FRAMINGHAM, MA - The Water Department will begin conducting its Spring 2021 Water Main Flushing Program on Monday, May 3, through Friday, June 18, 2021.
Water Main flushing will occur from 8:00 a.m. to 3:00 p.m., in residential areas and 10:00 p.m. to 5:00 a.m., in business areas. The purpose of the program is to improve drinking water quality for residents and businesses in Framingham.
This painted turtle may look both ways before crossing the road -- but might not be fast enough to get to the other side before being run over by a car. (Photo from Jmailk, WikiMedia Commons)
FRAMINGHAM, MA - Town of Framingham Conservation Commissioner Nicola Cataldo sent out an email reminding residents that several species of turtles are currently nesting around town.
The turtles which sometimes nest hundreds of yards from the many ponds and slower moving parts of the Sudbury River where they live will frequently attempt to cross roadways.
Residents are advised to be on the lookout for the turtles and avoid running them over.
The most populace species is town is the Eastern Painted Turtle which has a ...[read more]
MWRA supply tunnels, connectors and aqueducts in and near Weston, MA
WESTON, MA - on Saturday afternoon, (May 1, 2010), the Metropolitan Water Resource Authority, (MWRA), announced a major break in a 10 foot diameter pipe.
The break is located where the MetroWest Water Supply Tunnel meets the City Tunnel on Recreation Road in Weston.
The leak has caused 8 million gallons of water per hour to leak from the water supply into the Charles River.
Framingham residents are not affected by this break, and no "boil water" advisory for the town has been issued.
Due to infiltration of the water supply, residents of the following towns and MWRA designated areas east of Weston are advised to ...[read more]
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FRAMINGHAM, MA - Nobscot Neighbors and Espresso Paulo are pleased to bring you a presentation by The Framingham Department of Public Works “Everything you ever wanted to know about Water, Sewer and Roadway projects coming to Nobscot..” Monday night March 1, 2010, from 7 9 PM, in The Peloquin Room at The Heritage, Nobscot.
We are delighted to have this opportunity to hear from DPW on the major projects about to begin in the Nobscot area of Framingham. The scope of work in Nobscot that we will hear about exceeds that which is typical of a routine project year. This is also true for other areas of Town.
While DPW might touch on some of these other endeavors, the primary focus of this meeting will be the projects in Nobscot.
We expect this to be another exciting Nobscot Neighbors event - Everyone is welcome!
Coffee prepared by Paul Ashton, Potluck Dessert
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FRAMINGHAM, MA -- If you'd like to hear an in-depth discussion about Framingham's $43M Birch Road Well Project to reduce the town's dependence on MWRA water by 50%, tune in to hear the experts discuss the overall project on public access t.v. on:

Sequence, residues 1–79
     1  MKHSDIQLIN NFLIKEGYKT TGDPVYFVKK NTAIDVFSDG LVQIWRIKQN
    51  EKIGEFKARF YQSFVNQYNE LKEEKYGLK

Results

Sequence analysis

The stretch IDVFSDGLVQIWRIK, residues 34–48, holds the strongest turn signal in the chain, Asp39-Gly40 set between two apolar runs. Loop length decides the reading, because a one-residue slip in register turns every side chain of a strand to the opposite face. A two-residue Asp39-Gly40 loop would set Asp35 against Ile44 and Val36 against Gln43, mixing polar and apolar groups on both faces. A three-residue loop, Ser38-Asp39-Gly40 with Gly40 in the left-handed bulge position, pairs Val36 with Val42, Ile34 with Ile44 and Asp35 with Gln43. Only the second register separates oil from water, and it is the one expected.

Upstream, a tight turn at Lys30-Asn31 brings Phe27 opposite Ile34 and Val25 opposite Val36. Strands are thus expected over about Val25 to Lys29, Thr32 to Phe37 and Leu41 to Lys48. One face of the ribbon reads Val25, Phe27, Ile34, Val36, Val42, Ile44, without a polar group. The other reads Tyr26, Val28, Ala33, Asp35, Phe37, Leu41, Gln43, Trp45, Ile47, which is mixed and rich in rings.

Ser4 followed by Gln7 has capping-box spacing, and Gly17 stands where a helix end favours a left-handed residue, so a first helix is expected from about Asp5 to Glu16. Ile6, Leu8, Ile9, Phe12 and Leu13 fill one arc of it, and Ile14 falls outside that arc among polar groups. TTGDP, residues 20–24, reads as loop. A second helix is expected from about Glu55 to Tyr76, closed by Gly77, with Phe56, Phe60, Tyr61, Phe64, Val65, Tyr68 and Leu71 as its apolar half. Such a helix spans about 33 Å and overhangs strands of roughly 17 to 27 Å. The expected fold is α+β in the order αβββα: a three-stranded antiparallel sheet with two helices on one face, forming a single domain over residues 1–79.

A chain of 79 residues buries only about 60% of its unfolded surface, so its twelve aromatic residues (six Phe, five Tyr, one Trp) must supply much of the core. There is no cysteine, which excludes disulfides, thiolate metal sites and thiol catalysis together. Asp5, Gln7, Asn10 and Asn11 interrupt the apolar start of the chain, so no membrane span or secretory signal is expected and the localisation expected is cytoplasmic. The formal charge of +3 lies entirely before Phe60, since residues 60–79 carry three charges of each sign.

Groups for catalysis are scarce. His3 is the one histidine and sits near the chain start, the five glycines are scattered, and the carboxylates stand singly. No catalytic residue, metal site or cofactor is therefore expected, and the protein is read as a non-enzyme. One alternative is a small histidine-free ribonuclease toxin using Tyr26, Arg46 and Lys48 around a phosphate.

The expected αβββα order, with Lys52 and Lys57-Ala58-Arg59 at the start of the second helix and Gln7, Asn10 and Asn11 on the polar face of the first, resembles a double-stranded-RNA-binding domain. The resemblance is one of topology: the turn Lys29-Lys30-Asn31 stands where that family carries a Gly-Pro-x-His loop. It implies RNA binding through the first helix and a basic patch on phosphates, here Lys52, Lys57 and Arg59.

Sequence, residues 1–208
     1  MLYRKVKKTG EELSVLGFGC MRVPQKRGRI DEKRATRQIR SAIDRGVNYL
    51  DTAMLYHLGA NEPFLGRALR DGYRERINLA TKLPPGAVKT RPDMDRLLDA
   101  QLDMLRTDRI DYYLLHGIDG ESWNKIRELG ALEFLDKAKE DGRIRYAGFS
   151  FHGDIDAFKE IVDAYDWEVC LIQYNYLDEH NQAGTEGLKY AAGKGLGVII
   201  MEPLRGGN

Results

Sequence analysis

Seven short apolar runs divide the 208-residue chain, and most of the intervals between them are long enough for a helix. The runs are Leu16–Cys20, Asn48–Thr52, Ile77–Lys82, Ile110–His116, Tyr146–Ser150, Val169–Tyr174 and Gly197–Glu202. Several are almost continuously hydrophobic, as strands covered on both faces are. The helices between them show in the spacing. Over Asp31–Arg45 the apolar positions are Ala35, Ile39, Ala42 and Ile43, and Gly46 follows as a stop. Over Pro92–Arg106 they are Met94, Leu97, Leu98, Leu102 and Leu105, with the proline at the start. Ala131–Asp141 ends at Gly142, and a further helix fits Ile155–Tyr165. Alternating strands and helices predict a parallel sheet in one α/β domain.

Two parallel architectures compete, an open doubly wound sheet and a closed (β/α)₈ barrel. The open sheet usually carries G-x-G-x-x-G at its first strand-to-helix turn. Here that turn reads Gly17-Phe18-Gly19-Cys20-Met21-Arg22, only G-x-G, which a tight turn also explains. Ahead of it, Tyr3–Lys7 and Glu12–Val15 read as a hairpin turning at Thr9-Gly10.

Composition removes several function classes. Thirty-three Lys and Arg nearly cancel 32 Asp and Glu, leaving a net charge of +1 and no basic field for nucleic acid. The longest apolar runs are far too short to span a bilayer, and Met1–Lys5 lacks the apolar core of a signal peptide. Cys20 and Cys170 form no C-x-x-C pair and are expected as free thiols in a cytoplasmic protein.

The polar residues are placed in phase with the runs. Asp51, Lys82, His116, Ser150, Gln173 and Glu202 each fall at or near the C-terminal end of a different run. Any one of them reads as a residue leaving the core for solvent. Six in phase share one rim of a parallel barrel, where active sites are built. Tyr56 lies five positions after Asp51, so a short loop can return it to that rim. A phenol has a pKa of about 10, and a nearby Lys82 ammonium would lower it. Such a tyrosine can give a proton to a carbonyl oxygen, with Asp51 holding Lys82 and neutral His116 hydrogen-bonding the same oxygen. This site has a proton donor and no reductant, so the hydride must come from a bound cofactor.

The Audrey Hall Show:
- Monday 9/28/09, 7:00 p.m.
- Tuesday 9/29/09, 9:00 a.m.
- Wednesday 9/30/09 9:00 a.m.
The well site has been referred to as the "highest yielding" aquifer in eastern Massachusetts and after years of discussing the potential of the well the town started to seriously consider the project in 2003, with aquifer testing beginning in spring 2006.
In May, Town Meeting approved a $40.3 million water treatment facility project that would tap into the Birch Road Wells. The site is located in Saxonville adjacent to the PUD site (formerly NE Sand and Gravel) just off of Old Conn Path near the Wayland line. The aquifer tapped by the wells and treated by the facility could supply more than 4 million gallons daily, nearly half of the town's water supply. This has the potential to save the town tens of millions of dollars in years to come.
The town has to pay a fee to the MWRA annually and the rates keep escalating. In 2008 MWRA water cost Framingham $6.3 million. Projected 2014 costs for the town are estimated to be $9.3 million.
In 2013, the Birch Road Wells water could potentially cost about 40 percent less than MWRA water. In addition to the savings on MWRA water, Framingham can benefit from some federal stimulus funding, which could amount to 14 percent of the project's cost, or about $5.6 million.
There are some concerns, including magnesium levels and the impact of a plume of PCE from a spill decades ago during experiments on the property to develop a quick means of patching damaged air fields.
Wayland officials are concerned about the impact on their water supply. Richard Miller of the Cochituate State Park Advisory Committee has raised concerns about the impact to Lake Cochituate.
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